United Nations Relief & Rehabilition
Administration Teams (UNRRA Teams 1945) http://www.crommelin.org/history/Biographies/1914Edward/UnrraScrapbook/index.html Web site by Miff Crommelin Bookmark this new site.
Feb 17, 2015 Here is my current list of Germany UNRRA DP camps (pdf goes to your desktop) I have made so far. My point of view is from the UNRRA teams. Greetings, Click on other maps:
Zone map from: DPs Europe's Displaced Persons, 1945-1951 by Mark Wyman, Click the home button for the table of contents page. Our list of camps is over 200 pages and is still growing. If you don't find info the web page pertaining your own camp, start your own research page and link it here. We'll have a link to each camp as people become aware of this project. Make DP camp recognition your project.
I still have to add periods (from/till), amount of DP's, type of DP-camp (nationality, etc) and the names of the (sub) camps. One place could hold several DP camps.
Be aware that the names I used are the locally used ones. Some are now parts of larger cities. The area indicators are based on the map from Miff Crommelin. Missing info on UNRRA in Austria I do hope to add soon, when I have had more documents to study.
Rob Kuenen email@example.com
United Nations Relief & Rehabilition Administration Teams (UNRRA Teams 1945) http://www.crommelin.org/history/Biographies/1914Edward/UnrraScrapbook/index.html Web site by Miff Crommelin Bookmark this new site.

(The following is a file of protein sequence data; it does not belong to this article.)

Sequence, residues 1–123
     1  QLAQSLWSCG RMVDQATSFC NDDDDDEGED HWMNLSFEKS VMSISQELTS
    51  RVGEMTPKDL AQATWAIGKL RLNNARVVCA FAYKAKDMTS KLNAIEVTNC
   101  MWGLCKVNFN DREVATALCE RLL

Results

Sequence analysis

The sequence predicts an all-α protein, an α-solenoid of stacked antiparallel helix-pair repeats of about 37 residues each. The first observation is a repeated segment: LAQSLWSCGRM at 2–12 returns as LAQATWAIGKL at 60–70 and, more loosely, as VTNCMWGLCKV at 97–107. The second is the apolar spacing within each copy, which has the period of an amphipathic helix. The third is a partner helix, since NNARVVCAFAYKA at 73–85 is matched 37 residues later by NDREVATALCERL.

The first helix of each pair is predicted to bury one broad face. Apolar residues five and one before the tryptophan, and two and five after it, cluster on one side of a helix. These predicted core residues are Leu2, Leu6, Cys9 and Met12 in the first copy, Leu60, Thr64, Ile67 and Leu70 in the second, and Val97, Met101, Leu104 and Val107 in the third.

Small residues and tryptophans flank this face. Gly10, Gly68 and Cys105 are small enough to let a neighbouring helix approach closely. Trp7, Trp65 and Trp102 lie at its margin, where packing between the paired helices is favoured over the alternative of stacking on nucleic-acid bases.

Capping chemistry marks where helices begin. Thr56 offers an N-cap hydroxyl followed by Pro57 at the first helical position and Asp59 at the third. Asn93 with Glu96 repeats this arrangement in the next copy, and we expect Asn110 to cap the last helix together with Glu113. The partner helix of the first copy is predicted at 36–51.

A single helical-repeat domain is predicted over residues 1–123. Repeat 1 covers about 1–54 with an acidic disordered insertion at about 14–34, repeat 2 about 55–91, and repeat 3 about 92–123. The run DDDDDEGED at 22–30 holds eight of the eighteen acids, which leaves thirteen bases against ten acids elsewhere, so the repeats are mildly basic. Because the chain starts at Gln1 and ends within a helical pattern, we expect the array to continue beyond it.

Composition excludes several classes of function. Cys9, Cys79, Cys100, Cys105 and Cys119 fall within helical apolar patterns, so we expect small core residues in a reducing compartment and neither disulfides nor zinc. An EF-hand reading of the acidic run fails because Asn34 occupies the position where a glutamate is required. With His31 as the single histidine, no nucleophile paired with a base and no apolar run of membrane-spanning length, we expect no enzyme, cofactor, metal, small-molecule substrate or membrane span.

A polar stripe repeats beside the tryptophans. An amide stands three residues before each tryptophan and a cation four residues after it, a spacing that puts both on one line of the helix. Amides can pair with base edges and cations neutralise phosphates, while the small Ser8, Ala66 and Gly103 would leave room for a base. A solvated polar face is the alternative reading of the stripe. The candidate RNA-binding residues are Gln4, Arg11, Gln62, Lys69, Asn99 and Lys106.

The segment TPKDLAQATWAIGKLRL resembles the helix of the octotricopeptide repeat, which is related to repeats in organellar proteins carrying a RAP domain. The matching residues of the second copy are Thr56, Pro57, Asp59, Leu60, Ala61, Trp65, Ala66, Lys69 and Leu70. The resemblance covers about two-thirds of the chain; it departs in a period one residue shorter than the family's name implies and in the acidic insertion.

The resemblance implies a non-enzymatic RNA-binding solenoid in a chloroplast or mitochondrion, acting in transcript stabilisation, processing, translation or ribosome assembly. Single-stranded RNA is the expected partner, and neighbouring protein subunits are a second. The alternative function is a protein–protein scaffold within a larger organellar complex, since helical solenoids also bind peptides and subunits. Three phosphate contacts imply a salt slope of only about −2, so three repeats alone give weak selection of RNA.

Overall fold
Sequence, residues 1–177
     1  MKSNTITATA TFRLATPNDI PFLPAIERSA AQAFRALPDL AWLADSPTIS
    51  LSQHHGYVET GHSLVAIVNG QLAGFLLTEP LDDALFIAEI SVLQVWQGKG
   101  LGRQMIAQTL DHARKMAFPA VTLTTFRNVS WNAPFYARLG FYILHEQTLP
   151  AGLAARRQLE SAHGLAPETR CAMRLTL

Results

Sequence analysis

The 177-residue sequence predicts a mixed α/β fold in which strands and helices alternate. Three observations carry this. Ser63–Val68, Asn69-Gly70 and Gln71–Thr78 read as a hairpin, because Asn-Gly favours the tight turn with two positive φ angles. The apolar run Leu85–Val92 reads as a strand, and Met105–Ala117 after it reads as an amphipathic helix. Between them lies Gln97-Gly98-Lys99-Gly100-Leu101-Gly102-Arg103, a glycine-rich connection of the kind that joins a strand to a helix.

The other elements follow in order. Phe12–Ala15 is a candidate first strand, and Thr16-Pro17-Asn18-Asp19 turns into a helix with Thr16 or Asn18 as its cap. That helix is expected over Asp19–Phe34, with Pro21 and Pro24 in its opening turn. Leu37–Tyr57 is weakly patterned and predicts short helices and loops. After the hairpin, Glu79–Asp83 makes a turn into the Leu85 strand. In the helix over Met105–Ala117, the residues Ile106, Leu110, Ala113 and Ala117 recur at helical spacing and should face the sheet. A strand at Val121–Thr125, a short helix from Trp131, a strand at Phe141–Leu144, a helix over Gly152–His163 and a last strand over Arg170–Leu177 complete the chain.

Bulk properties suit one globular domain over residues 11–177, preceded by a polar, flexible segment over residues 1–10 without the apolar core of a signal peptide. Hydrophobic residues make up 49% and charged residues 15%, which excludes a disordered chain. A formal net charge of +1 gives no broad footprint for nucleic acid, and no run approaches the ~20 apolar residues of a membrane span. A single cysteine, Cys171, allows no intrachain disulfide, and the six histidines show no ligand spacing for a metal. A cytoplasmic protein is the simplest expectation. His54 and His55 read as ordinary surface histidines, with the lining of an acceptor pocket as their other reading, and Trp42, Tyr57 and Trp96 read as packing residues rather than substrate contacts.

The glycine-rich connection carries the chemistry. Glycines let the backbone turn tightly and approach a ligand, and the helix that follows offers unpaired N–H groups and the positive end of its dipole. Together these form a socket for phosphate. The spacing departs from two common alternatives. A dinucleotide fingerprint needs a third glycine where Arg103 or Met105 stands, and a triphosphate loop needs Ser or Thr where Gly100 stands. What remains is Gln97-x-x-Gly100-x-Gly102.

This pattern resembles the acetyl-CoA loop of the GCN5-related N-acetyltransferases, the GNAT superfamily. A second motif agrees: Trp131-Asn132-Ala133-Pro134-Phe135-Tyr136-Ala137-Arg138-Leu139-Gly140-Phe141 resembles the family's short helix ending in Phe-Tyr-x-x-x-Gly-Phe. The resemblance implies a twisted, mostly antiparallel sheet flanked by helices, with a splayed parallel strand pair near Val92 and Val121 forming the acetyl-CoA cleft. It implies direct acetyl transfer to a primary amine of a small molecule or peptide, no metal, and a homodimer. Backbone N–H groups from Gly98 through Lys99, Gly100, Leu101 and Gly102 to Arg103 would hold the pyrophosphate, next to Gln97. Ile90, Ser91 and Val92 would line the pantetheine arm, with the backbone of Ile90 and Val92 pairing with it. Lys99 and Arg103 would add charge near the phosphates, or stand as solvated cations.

Feb 17, 2015
Here is my current list of Germany UNRRA DP camps (pdf goes to your desktop) I have made so far. My point of view is from the UNRRA teams.
Click on other maps:
map compiled by Ihor Stebelsky
Germany:1990 Borders Genealogy.net regional research
This map shows the: German Länder or States
German cities map (shows a lot of the camps)
German city search
Sources / references for some of the information supplied in this site. The site has grown way beyond this list.
Quote from Church World Service brochure, DP's are People (1948):
"Since V-E Day, more than 11,000,000 former slave laborers, prisoners of war and concentration camp inmates have been sent home. Some 850,000 still in camps, can never go home.
"These 850,000 are today's DP - the hard core of irrepatriables. They are Poles, Latvians, Lithuanians, Esthonians, Yugoslavs, Greeks, Ukrainians, Czechoslovaks. Brought into Germany as slave laborers and concentration camp inmates, they cannot return to their Soviet-dominated lands because of fear of political and religious persecution.
"This is the third year since "liberation" that 850,000 DPs continue to live in DP camps. The United States has promised that none of them would be forced to go back to Soviet-dominated countries to face enslavement or death. They must stay in the camps because their homes and homelands have been destroyed or closed to them.
"Over 150,000 children, at least half of them under the age of six, live in these camps. Fifty per cent of all DPs are women and children.
"All religions and denominations are represented among the DPs. Four out of five are Christian.